01:146:475 Laboratory in Immunology
This course may be used to fulfill the elective and laboratory requirements of the Biological Sciences major.
Prerequisite: Students are required to take one of the following courses before taking this course: Immunology 01:146:474, Organic Chemistry 160:307-308, Genetics 447:380, Molecular Biology 146:478, Molecular Biology and Biochemistry 694:408, Human Histology 146:322, Advanced Neurobiology 146:445, or Advanced Cell Biology 146:470
The overall objective of this course is to give the advanced biology students experience with addressing immunological questions through experimentation. A representative experiment will be the analysis of different lymphocyte subsets in distinct lymphoid tissues of the mouse. Specific techniques will analyze RNA and protein expression in different immune cell populations and explore the functions of these unique cells
Representative Syllabus (may be slightly modified year to year):
Title of Lab
1.Introduction to immunology lab and examination of peripheral blood smears
2. Isolation of mouse spleen mononuclear cells by density gradient centrifugation
3. Identification of B cell and T cell populations of mouse spleen and thymus by flow cytometry
4. Collection of mouse peritoneal lavage and harvest of mouse lymphoid tissues
5. Measurement of inflammatory cytokines secreted from activated macrophages by ELISA
6. Preparation of RNA from mouse lymphoid tissues and analysis of CD4 expression by RT-PCR
7. Activation of human B cells and preparation of proteins from naïve and activated B cells
8. Quantification of a B cell-specific protein by Western blot analysis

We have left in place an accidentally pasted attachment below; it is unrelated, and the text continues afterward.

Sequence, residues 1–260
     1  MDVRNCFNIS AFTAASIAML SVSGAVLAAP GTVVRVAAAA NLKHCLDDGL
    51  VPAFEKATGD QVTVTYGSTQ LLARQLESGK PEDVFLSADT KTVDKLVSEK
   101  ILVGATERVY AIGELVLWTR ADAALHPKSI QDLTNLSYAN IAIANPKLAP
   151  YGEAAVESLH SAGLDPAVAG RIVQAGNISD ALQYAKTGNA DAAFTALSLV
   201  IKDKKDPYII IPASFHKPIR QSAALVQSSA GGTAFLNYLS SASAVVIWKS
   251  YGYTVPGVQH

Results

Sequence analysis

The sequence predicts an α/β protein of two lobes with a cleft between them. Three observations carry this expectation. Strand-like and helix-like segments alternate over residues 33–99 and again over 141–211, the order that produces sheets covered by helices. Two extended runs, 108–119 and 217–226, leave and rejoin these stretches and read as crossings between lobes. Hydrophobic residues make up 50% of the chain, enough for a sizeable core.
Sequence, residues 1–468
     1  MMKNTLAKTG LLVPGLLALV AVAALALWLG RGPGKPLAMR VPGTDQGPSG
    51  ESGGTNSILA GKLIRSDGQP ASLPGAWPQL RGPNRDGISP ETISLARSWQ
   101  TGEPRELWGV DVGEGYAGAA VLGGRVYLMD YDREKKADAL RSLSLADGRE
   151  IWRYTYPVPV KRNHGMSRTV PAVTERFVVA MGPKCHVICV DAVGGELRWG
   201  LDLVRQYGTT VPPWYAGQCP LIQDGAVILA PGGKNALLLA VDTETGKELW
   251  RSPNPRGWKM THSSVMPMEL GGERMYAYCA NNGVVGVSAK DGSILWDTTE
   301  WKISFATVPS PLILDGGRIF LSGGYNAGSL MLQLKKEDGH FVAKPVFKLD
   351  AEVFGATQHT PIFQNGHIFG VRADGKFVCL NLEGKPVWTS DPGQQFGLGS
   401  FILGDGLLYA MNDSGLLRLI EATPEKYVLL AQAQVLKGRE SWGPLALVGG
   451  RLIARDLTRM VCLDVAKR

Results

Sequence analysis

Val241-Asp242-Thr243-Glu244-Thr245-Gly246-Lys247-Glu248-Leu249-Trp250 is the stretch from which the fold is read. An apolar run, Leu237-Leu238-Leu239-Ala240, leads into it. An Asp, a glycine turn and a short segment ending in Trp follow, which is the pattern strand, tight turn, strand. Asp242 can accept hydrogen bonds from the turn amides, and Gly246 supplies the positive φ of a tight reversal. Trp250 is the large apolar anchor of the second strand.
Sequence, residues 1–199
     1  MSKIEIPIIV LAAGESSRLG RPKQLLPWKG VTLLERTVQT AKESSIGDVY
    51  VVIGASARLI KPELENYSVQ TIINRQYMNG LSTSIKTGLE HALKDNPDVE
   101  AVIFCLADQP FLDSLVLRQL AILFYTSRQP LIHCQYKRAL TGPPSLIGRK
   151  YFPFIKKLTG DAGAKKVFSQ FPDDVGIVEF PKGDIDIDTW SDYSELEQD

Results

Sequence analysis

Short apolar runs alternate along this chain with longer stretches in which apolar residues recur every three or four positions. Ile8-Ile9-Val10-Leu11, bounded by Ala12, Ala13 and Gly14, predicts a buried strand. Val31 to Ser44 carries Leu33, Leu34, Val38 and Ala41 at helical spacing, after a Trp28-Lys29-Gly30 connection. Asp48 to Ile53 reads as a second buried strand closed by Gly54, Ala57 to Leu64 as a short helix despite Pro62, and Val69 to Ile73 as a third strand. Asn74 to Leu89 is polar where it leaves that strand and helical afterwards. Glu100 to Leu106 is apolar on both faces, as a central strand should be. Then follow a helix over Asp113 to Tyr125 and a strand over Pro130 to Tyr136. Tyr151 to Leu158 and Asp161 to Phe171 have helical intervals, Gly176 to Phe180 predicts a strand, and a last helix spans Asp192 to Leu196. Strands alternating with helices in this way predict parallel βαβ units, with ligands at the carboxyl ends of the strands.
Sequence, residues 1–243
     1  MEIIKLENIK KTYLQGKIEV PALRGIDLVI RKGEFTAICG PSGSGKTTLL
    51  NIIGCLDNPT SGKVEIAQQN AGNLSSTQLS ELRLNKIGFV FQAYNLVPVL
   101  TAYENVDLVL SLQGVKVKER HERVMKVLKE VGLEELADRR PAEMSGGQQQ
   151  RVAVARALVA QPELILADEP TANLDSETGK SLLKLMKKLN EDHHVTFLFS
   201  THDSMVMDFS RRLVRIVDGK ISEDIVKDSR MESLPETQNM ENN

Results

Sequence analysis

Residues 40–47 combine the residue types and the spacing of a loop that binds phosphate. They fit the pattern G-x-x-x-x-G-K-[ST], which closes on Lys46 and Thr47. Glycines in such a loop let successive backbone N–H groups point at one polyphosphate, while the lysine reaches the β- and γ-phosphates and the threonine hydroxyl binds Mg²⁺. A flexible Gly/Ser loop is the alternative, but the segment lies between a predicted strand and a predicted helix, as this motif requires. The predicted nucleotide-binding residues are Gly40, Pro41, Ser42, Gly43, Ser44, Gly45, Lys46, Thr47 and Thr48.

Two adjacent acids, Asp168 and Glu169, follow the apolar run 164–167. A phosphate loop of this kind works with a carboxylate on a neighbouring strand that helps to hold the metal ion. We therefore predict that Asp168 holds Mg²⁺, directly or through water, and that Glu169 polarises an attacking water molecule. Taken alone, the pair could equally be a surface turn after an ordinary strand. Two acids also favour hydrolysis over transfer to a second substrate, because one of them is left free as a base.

Sakai website will be active during the semester
Course Satisfies Learning Goals
1. Master factual and conceptual knowledge in Immunology that will provide a solid foundation for success in advanced training and professional careers.
2. Develop an ability to summarize, integrate and organize information and relate it to disease outcomes
3. Use scientific reasoning to evaluate the potential for current research and new discoveries to improve our understanding of immunology and its relevance to human health and to our society.
4. Use experimental techniques to address immunological questions.
Exams, Assignments, and Grading Policy
Grades are weighted most heavily on four lab reports and/or presentation. Attendance and participation in the labs are also factors in the final grade.
If this course is closed, please use the following link to add your name to the wait list: Wait List Sign Up for Spring 2020 Courses . If you have any questions, please contact the Division of Life Sciences - Office of Undergraduate Instruction at 848-445-2075 or visit our office at Nelson Biological Laboratories B112, Busch Campus.
B336 Nelson Labs
Other Faculty Participants:
Dr. Brian Daniels
Nelson Labs B314
Nelson Labs D411
Nelson Labs B303
** All information is subject to change at the discretion of the course coordinator.